Mental Illness and Violence: Is There a Connection?

Eileen Bailey Health Guide
  • This week there has been a lot of discussion on mental illness and violence. Unfortunately, because most people don't understand mental illness, there are a lot of misconceptions about this topic. Even though anxiety disorders are rarely included in these conversations, saying "mental illness" can lead to generalities and mistrust of you, our readers struggling to manage their anxiety in every day life. These misconceptions can make your life more difficult. For example, talking to your boss, co-workers or friends about your anxiety disorder is difficult. It can be even more difficult if those you are talking to lump everyone with a mental illness in the category of "violent."

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    Everyone with mental illness is not violent. Not even close. Schizophrenia, major depression and bipolar disorders are the conditions most associated with violent behavior, but study after study indicate that the vast majority of patients with these illnesses are not violent. One study, completed by the National Institute of Mental Health, showed an increase in violence in patients with schizophrenia, depression or bipolar disorder when compared to the general public (16% as compared to 7% of the general public). However, 84% of those with these conditions had no history of violence. Of those that were violent, a dual diagnosis that included substance abuse was shown to increase the risk, therefore, the study results might be significantly less for those with mental illness without substance abuse.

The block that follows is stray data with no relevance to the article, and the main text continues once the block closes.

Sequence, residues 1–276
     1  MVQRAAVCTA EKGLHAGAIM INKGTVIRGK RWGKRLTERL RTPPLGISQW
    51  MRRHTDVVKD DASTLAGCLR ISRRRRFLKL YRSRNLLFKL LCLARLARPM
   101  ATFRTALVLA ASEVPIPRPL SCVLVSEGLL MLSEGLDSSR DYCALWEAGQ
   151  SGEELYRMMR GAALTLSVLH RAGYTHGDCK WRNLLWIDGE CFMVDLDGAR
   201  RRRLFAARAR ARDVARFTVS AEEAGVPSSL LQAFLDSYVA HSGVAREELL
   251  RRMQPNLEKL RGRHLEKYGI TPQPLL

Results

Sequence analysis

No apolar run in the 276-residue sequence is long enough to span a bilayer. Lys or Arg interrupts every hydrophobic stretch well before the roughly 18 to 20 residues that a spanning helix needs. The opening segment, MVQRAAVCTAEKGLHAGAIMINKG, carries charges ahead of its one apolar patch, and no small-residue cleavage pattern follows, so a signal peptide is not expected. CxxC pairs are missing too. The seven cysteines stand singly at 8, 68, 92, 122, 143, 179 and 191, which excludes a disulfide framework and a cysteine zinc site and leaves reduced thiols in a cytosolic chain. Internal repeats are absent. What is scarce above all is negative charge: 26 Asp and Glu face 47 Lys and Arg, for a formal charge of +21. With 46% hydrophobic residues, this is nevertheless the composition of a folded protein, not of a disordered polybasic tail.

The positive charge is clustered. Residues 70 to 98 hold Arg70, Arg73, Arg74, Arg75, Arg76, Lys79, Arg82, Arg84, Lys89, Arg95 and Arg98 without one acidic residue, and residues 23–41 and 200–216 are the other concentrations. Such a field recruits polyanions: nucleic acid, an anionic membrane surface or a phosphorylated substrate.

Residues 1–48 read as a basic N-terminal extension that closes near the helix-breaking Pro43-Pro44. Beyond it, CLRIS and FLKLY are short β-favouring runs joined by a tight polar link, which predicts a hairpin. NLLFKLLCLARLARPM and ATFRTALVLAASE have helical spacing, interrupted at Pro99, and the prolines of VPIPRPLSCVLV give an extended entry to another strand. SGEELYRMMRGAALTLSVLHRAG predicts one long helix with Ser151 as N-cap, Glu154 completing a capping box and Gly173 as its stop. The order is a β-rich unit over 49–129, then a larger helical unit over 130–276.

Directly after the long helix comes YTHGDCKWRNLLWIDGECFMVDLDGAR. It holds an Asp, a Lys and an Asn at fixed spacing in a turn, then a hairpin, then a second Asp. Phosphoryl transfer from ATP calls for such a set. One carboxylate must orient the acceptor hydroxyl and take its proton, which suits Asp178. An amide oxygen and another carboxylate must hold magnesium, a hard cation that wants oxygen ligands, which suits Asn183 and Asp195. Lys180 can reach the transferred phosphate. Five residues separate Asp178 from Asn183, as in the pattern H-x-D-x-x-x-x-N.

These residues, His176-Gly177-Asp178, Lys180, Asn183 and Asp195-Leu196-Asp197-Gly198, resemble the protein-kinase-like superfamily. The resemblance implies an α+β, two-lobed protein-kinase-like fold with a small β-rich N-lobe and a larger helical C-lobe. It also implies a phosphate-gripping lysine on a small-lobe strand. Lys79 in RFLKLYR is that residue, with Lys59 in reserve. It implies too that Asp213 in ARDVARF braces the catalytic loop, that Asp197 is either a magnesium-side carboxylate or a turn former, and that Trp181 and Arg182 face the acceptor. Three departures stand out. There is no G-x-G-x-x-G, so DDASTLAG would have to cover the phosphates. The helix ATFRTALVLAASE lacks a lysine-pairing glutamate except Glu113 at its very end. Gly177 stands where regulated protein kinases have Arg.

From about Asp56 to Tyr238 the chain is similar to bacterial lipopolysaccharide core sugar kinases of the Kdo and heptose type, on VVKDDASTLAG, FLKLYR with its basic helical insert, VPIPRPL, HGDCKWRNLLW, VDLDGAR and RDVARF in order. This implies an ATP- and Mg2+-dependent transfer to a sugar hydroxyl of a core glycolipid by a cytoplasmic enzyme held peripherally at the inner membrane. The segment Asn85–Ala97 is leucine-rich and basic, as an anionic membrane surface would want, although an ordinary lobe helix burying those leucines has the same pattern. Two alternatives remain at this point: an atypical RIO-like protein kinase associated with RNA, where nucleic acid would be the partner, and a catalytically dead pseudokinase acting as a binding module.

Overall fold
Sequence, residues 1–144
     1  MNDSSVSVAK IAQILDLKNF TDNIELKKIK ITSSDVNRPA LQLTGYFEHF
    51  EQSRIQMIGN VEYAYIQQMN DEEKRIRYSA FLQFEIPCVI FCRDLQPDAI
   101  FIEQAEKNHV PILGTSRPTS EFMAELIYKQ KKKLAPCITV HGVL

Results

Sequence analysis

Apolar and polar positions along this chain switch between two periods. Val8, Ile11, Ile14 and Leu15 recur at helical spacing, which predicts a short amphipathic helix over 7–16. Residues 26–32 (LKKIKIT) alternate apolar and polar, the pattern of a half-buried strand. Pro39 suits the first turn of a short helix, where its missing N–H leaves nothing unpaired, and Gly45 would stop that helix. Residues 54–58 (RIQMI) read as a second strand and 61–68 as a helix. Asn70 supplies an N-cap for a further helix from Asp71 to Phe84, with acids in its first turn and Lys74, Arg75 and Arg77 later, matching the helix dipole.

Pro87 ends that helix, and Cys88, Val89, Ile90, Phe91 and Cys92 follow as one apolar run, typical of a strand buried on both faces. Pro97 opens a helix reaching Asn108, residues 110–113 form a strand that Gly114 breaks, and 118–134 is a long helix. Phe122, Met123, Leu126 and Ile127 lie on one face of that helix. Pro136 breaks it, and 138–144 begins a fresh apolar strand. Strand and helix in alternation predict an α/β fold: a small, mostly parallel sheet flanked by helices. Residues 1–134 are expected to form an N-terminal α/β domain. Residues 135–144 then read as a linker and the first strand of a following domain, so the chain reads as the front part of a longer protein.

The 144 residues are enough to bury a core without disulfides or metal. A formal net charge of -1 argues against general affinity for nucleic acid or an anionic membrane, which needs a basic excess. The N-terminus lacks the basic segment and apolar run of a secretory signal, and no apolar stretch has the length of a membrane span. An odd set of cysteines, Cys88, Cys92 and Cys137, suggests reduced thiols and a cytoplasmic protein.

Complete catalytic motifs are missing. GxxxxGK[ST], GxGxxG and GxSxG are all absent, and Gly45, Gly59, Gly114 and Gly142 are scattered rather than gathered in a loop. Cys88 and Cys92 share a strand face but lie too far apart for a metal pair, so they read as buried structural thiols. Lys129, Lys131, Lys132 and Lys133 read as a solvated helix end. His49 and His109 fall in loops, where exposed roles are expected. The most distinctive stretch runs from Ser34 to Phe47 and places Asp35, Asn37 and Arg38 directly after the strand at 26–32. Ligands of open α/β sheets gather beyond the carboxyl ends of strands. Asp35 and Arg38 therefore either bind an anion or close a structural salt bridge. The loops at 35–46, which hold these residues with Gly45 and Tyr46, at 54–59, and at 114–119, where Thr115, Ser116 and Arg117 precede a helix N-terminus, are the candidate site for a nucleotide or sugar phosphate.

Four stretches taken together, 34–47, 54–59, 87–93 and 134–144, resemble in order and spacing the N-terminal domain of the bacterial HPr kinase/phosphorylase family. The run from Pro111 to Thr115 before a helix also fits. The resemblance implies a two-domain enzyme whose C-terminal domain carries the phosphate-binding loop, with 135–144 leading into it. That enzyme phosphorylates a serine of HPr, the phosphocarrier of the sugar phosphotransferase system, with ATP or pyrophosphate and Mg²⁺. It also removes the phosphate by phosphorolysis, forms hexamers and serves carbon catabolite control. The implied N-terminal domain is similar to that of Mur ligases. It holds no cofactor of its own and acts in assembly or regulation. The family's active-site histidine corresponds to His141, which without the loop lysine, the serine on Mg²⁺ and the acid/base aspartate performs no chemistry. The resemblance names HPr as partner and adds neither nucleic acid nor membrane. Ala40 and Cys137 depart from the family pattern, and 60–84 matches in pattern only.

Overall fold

The incident which started this discussion (this week) shows not that those with mental illness are violent but emphasizes how important treatment is. Arizona has less stringent rules regarding forced hospitalization for mental health patients than many other states. Most states require an imminent danger to self or others to hospitalize someone against his wishes. In Arizona the law allows for forced treatment if someone will benefit from treatment. Jared Loughner, however, has not been diagnosed with a mental illness and had not been treated. From what we have read, he was delusional and possibly paranoid. However, the cause of the shooting, in my opinion, is not that he had a mental illness, but that he had received no treatment. According to Dr. Richard, Friedman, in the article "Violence and Mental Illness-How Strong it the Link?" states, "A study that compared the prevalence of violence in a group of psychiatric patients during the year after hospital discharge with the rate in the community in which the patients lived showed no difference in the risk of violence between treated patients and people without a psychiatric disorder. Thus, symptoms of psychiatric illness, rather than the diagnosis itself, appear to confer the risk of violent behavior."


    What should people do when someone is so obviously suffering from delusions or paranoia? Would better understanding lead to less fear? How? Why? What would you do?


    What are your opinions? What do you think? Please share your thoughts.


Published On: January 12, 2011